Friday, October 16, 2020

Best Levels in Gaming History - Volume 21

With Halloween fast approaching, SuperPhillip Central scares up five more excellently crafted video game levels. Not strictly limited to the traditional definition of the word "level", Best Levels in Gaming History delves into the best areas, tracks, and segments of some of the best and occasionally the lesser talked about games in our hobby and industry. This time we're looking at a lot of remakes this go around, but truth be told, many of these levels have never looked (or played) better. On this edition, we have games like Resident Evil 2, Tony Hawk's Pro Skater 1 + 2, and Paper Mario: The Origami King, to name just a few.

If you want to set aside some time to check out past installments of Best Levels in Gaming History, look no further than these links:

Volume One
Volume Two
Volume Three
Volume Four
Volume Five
Volume Six
Volume Seven
Volume Eight
Volume Nine
Volume Ten
Volume Eleven
Volume Twelve
Volume Thirteen
Volume Fourteen
Volume Fifteen
Volume Sixteen
Volume Seventeen
Volume Eighteen
Volume Nineteen
Volume Twenty

The R.P.D. - Resident Evil 2 (PS4, XB1, PC)

What better way to start off a Best Levels in Gaming History article in October than with one of the most masterful sections in any Resident Evil game? It's the starting area of the 2019 remake of Resident Evil 2, the Raccoon City Police Department, or R.P.D. for short. The area is a three-floor building that is otherwise simple enough in its layout, but locked doors requiring playing card suit-themed keys and puzzles needing solving make for a labyrinthine hellscape for players. It's one that's literally crawling with all manner of grotesque creatures, notably the undead kind.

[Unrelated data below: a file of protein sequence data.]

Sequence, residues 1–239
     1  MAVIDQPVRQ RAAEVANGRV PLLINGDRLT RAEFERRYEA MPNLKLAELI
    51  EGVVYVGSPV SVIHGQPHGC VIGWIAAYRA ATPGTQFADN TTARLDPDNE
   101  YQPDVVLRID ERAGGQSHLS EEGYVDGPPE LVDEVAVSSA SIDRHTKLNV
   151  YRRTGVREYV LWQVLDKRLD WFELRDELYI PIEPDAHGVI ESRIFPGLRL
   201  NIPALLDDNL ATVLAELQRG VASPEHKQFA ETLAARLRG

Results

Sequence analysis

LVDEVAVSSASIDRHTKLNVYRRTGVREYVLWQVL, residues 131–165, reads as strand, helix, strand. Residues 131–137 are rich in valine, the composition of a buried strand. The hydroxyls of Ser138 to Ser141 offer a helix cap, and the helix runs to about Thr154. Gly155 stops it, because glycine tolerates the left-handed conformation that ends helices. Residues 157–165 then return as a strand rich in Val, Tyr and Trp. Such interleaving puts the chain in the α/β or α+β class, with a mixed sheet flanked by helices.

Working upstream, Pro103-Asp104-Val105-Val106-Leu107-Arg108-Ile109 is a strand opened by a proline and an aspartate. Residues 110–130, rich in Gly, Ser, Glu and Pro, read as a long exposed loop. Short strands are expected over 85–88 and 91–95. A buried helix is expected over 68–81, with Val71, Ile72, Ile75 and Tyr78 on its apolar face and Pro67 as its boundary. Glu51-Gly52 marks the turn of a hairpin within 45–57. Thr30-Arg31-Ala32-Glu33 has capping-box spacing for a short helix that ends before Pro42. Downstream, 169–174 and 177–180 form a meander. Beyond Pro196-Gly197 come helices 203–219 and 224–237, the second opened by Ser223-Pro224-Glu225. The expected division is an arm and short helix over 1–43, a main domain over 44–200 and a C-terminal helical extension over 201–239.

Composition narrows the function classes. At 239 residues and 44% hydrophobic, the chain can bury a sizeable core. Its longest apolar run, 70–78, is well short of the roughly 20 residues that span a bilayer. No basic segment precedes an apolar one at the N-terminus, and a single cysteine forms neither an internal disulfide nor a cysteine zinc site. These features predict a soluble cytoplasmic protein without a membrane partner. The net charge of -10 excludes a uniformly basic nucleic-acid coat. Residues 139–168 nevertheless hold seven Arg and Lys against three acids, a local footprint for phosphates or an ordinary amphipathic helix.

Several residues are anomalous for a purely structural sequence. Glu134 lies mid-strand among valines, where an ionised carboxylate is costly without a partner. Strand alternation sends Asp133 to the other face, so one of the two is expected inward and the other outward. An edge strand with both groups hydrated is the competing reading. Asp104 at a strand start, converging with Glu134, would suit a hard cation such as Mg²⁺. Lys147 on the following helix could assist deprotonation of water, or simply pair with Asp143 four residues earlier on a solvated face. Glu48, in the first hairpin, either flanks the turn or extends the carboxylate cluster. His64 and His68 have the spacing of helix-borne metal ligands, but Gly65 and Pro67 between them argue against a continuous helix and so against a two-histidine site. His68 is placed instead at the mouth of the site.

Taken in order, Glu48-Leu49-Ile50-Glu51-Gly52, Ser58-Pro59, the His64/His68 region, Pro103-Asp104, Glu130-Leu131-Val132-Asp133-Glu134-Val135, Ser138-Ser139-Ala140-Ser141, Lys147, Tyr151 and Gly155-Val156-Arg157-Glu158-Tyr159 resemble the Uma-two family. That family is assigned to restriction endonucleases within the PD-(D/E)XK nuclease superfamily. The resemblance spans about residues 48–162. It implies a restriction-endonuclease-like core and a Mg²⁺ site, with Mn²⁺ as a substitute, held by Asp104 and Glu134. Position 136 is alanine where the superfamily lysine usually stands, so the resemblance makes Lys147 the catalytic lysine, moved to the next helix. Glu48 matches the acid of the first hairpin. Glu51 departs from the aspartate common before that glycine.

But, there's one specific monstrosity that makes the creepy corridors and rooms of the R.P.D. especially spooky. Mr. X is a bioweapon, a Tyrant whose strong footsteps signal his eventual approach. Essentially indestructible and particularly dangerous, Mr. X stalks his prey with ruthless efficiency. When those footsteps are heard, the hairs on one's neck are sure to stand up, because Mr. X's arrival means certain trouble at best and certain doom at worst. Attempting to make progress in the R.P.D., whether it be reaching a certain room, or solving a specific puzzle, can be a nightmare with Mr. X breathing down your neck. It makes an intense area of the game even more so, and makes the R.P.D. in the Resident Evil 2 remake an especially strong start for the game. 

The R.P.D. nails its atmosphere with incredibly claustrophobic environments, dark and dreary halls that can only be illuminated by either the "dead" of night or the player's flashlight. Rounding a corner or opening a door to another room is always a frightful experience due to the risk of a zombie or other undead creature being on the other side. In harder difficulties, the fear is very real with said undead being able to tear into your flesh and kill you with ease. The R.P.D. is a puzzle-filled, undead-infested hell of a first impression for Resident Evil 2 players that is a pleasure to explore and even better if you survive it!

School - Tony Hawk's Pro Skater 1 + 2 (PS4, XB1, PC)

Of the levels and skate parks in the recently released remake of Tony Hawk's Pro Skater 1 and Pro Skater 2, one of my favorites of the bunch would have to be the School level of the first game. Wide open and ready for skating class to be back in session, Tony Hawk's Pro Skater 1's School is pumped and primed with opportunities to make insane combos and ample amounts of areas to skate around in and score big. 

There's the starting section where one can skate down the awning, the rooftop of the gymnasium, the bridges that cross the canals, and the two large and empty pools perfect for long grinds or high-stakes vert tricks, School allows for so many possibilities to pull off insane tricks and scores alike. 

The various goals in School are rather enjoyable to shoot for as well, from wallriding school bells and grinding tables, to trekking down the awning to nab the Secret Tape or comb the level for the almighty S-K-A-T-E letters. The School level as part of Tony Hawk's Pro Skater 1 + 2 makes for a well done introduction to more wide open levels in the game, far more than the opening Warehouse level, which is an already awesome level by itself.

Shogun Studios - Paper Mario: The Origami King (NSW)